Copyright © Louis Schmier and Atwood Publishing.

Date: Thu, 14 Nov 1996 11:22:21 -0500 (EST)
Subject: Random Thought: Smile

With my students are out of class, scurrying around campus as they worked on their next class project, I decided to stay in and fight the dolrums of a low-level but pernicious cold that won't loosen it's clutches and has kept me off the pre-dawn streets for the past week, the foot-dragging of the insurance company, and the distruption in our household wrought by the still not totally repaired damage tropical storm Josephine caused. As fate would have it, as I lay listlessly on the couch, over the cable DMX floated the soft, healing sounds of Nat King Cole crooning, "Smile." It caught my ear because I have been uncharacteristically less smiley than usual. And, I thought about a comment a student made only yesterday. "Doc," he said, "how come you're not smiling as bright as you normally do and bringing your 'let's go you can do it' bounce as much into class?

Well, I suddenly realized the role a smile can play in the classroom. I bounced off the couch and here I am tapping on the keyboard.

I know history very well. I teach it very well. There was a time not to long ago that I thought that was all I needed to know and to do. Now I know differently, that I needed to know and do more. I now understand that students need more than just subject matter transmitted to them. Now I teach people, not history. And, I seem to understand more now why I can't touch all students-- but how to touch a vastly larger number of them than I once could--than when I tried only to be the professing, information-transmitting historian.

And so, now I realize how a silent, sincere smile--not a perfuctory one--is a powerful teaching tool. It's low tech, but high yield. Doesn't cost anything, but it's invaluable. It's portable. So, it's not nailed down to any particular place, but no one can rip it off. It takes very little maintenance, but it maintains a great deal. It takes very little energy to generate--doesn't even need batteries, but it generates lots of energy and can charge your batteries and those of people around you. To have it you don't need much, but it so often fulfills much need. I give it without any guarantees, but it is so often returned. It's infectious, but keeps the classroom a healthier, brighter, livelier, and more productive place.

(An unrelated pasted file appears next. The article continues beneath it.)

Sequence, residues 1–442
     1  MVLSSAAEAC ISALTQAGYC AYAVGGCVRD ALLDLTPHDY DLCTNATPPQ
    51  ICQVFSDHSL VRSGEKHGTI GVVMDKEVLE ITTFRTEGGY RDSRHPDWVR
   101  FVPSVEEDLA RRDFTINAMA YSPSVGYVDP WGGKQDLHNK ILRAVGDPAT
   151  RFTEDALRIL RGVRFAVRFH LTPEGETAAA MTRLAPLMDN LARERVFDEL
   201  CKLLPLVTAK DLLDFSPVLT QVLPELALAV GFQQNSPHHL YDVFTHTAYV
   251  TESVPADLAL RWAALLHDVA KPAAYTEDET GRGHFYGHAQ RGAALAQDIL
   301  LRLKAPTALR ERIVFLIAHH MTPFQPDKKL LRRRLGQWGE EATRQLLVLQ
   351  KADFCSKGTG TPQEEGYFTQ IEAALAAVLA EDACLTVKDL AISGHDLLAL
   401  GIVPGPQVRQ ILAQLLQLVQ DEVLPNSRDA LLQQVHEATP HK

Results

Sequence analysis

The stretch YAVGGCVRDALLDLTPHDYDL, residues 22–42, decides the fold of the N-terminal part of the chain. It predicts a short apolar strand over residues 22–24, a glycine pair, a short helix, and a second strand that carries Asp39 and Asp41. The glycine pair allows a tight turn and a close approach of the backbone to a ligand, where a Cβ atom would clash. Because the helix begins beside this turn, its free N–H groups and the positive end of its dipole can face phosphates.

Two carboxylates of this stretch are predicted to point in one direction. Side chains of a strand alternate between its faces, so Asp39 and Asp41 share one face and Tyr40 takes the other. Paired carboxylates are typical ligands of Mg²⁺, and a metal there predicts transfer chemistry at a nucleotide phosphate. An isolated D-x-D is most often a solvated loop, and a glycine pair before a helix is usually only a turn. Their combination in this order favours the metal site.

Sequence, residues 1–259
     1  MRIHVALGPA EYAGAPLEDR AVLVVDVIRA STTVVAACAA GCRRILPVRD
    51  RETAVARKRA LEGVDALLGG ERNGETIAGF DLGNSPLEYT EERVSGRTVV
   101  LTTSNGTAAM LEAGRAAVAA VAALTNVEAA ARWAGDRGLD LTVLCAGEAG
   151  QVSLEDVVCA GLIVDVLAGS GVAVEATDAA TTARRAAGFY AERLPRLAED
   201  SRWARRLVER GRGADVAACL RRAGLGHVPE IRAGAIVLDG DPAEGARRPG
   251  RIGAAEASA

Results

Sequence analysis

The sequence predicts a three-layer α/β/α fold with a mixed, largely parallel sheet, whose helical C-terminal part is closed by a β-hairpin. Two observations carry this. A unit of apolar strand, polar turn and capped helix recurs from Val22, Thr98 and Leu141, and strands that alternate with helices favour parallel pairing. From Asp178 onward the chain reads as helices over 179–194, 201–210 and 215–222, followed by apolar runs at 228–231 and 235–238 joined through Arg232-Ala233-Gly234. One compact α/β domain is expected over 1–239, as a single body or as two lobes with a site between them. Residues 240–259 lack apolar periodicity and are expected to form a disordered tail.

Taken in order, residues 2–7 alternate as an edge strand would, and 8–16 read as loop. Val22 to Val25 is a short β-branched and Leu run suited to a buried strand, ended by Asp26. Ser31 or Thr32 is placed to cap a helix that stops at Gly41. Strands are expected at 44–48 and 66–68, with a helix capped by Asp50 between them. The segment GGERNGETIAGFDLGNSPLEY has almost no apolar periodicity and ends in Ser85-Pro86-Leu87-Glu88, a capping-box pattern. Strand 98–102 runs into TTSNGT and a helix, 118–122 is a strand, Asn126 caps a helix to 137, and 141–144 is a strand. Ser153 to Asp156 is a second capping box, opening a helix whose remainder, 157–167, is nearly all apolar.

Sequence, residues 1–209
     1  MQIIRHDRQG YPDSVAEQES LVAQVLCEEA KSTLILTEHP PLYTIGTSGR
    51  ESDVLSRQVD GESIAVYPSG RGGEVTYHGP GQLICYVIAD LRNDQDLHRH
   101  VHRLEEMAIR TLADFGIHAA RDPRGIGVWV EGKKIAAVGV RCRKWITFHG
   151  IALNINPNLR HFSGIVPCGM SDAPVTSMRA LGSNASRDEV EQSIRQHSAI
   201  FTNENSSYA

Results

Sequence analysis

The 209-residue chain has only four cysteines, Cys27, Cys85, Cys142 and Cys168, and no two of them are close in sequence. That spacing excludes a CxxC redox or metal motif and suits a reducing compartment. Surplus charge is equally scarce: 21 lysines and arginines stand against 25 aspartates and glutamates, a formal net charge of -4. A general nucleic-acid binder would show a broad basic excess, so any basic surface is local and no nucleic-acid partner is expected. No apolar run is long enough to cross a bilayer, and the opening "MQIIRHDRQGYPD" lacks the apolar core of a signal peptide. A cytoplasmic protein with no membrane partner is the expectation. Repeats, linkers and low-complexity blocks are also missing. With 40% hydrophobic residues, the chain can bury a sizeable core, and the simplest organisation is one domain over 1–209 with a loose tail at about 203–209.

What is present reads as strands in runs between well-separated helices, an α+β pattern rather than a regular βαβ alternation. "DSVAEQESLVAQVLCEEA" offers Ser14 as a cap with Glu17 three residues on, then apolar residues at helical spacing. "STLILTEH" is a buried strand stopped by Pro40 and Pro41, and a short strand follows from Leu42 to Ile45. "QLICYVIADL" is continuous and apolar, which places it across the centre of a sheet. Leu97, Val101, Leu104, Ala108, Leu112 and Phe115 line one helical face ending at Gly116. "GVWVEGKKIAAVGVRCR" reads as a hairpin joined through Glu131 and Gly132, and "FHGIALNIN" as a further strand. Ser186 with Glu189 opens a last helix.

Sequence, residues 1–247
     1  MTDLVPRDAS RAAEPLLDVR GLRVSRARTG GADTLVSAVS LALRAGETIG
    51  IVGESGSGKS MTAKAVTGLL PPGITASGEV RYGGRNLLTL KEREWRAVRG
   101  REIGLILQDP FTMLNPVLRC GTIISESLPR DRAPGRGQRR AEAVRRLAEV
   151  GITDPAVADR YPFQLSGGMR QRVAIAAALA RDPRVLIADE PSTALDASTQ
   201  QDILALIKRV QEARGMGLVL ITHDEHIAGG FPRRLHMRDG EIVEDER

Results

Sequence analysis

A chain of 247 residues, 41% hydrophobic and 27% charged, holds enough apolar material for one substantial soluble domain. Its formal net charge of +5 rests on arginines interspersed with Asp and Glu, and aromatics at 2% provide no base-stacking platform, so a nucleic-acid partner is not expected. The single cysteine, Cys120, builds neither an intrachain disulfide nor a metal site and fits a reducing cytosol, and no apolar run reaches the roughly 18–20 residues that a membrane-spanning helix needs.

A smile is magical. It's embracing. It's relaxing. It's exciting. It's inviting. It's curative. It's invigorating. It's reassuring. It's a rejuvenating, creative force. I find that a smile puts a radiating light on my face, a sparkle in my eyes, a spring in my body, a livliness in my spirit, an enjoyment in my heart, a sincere caring in my greetings, a warmth in my words. It sharpens my sight; it hones my hearing; it heightens my awareness.

I find that when my lips and cheeks and spirit are uplifted in a smile, it is almost impossible to be down or down on me or anyone else. A hugging, friendly, reassuring smile, more than words, I think brings people closer together to respect and appreciate and value and believe in themselves and each other. It works wonders to help solve so many problems in the classroom, most of which have little to do with the subject.

I think so simple a thing as a silent, reassuring smile--positive, encouraging, and supportive--speaks volumes. It says, "I notice you." "I'm glad you're here and welcome you." "I like you." "I want you here." "I know you're important and valuable." "I know you belong here." "I know you're talented and capable." "I have faith in you." "I will do whatever it takes to help you achieve."

And I have discovered that as most students see the truth behind my smile, they feel better and happier and more confident. They begin to smile back at me and at themselves. I see not only that they are achieving more, but even more important I see them starting to believe in themselves more and like themselves more. Now, I can't prove that methodically. I just know it.

Make it a good day.


Louis Schmier  (912-333-5947)
Department of History                      /~\    /\ /\
Valdosta State University          /^\    /   \  /  /~ \     /~\__/\
Valdosta, Georgia 31698           /   \__/     \/  /     /\ /~      \
                            /\/\-/ /^\___\______\_______/__/_______/^\
                          -_~     /  "If you want to climb mountains, \ /^\
                             _ _ /      don't practice on mole hills" -\____

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